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Authors: Nathaniel Hawthorne

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Twice-Told Tales

BOOK: Twice-Told Tales
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Twice Told Tales
First published in 1837
ISBN 978-1-62012-176-4
Duke Classics
© 2012 Duke Classics and its licensors. All rights reserved.
While every effort has been used to ensure the accuracy and reliability of the information contained in this edition, Duke Classics does not assume liability or responsibility for any errors or omissions in this book. Duke Classics does not accept responsibility for loss suffered as a result of reliance upon the accuracy or currency of information contained in this book.
The Gray Champion

There was once a time when New England groaned under the actual
pressure of heavier wrongs than those threatened ones which brought on
the Revolution. James II., the bigoted successor of Charles the
Voluptuous, had annulled the charters of all the colonies and sent a
harsh and unprincipled soldier to take away our liberties and endanger
our religion. The administration of Sir Edmund Andros lacked scarcely
a single characteristic of tyranny—a governor and council holding
office from the king and wholly independent of the country; laws made
and taxes levied without concurrence of the people, immediate or by
their representatives; the rights of private citizens violated and the
titles of all landed property declared void; the voice of complaint
stifled by restrictions on the press; and finally, disaffection
overawed by the first band of mercenary troops that ever marched on
our free soil. For two years our ancestors were kept in sullen
submission by that filial love which had invariably secured their
allegiance to the mother-country, whether its head chanced to be a
Parliament, Protector or popish monarch. Till these evil times,
however, such allegiance had been merely nominal, and the colonists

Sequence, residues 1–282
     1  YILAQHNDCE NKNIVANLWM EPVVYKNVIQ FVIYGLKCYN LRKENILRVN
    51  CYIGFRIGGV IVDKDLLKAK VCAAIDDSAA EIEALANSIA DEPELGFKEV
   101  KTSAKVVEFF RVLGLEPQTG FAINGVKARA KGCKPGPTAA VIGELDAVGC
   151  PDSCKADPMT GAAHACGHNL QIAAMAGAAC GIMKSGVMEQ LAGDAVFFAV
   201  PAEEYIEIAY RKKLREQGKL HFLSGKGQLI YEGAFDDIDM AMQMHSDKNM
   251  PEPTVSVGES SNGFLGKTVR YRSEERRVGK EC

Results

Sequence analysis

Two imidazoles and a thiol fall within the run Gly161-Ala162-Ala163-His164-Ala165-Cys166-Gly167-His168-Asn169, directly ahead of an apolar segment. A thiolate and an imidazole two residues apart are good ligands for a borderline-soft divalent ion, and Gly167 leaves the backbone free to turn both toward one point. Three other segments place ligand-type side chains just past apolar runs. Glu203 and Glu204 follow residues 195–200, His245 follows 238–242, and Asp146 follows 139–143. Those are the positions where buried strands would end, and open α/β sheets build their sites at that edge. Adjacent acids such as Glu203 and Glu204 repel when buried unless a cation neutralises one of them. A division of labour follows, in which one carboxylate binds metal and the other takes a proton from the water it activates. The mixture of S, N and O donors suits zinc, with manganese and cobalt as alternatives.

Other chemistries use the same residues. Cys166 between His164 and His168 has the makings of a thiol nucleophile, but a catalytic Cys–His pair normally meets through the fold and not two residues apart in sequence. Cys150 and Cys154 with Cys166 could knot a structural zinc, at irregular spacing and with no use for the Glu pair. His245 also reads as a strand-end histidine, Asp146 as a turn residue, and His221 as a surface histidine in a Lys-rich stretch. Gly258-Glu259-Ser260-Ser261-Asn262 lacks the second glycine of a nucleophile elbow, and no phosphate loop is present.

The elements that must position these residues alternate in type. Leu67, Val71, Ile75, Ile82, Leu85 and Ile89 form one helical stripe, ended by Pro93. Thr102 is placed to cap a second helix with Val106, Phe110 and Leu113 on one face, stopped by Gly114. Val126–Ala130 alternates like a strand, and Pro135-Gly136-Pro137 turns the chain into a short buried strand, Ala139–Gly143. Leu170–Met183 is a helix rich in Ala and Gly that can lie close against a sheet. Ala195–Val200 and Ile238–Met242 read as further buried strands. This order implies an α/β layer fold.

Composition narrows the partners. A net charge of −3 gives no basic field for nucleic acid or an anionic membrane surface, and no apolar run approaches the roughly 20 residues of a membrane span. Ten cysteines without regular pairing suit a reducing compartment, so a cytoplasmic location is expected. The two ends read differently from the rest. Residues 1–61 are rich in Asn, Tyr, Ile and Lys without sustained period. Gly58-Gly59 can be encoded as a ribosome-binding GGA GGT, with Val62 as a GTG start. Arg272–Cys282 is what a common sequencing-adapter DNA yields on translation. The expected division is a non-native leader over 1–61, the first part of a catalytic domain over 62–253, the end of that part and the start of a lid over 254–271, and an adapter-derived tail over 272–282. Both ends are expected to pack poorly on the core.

had ruled themselves, enjoying far more freedom than is even yet the
privilege of the native subjects of Great Britain.

At length a rumor reached our shores that the prince of Orange had
ventured on an enterprise the success of which would be the triumph of
civil and religious rights and the salvation of New England. It was
but a doubtful whisper; it might be false or the attempt might fail,
and in either case the man that stirred against King James would lose
his head. Still, the intelligence produced a marked effect. The people
smiled mysteriously in the streets and threw bold glances at their
oppressors, while far and wide there was a subdued and silent
agitation, as if the slightest signal would rouse the whole land from
its sluggish despondency. Aware of their danger, the rulers resolved
to avert it by an imposing display of strength, and perhaps to confirm
their despotism by yet harsher measures.

One afternoon in April, 1689, Sir Edmund Andros and his favorite
councillors, being warm with wine, assembled the red-coats of the
governor's guard and made their appearance in the streets of Boston.
The sun was near setting when the march commenced. The roll of the
drum at that unquiet crisis seemed to go through the streets less as
the martial music of the soldiers than as a muster-call to the
inhabitants themselves. A multitude by various avenues assembled in
King street, which was destined to be the scene, nearly a century
afterward, of another encounter between the troops of Britain and a
people struggling against her tyranny.

Though more than sixty years had elapsed since the Pilgrims came, this
crowd of their descendants still showed the strong and sombre features
of their character perhaps more strikingly in such a stern emergency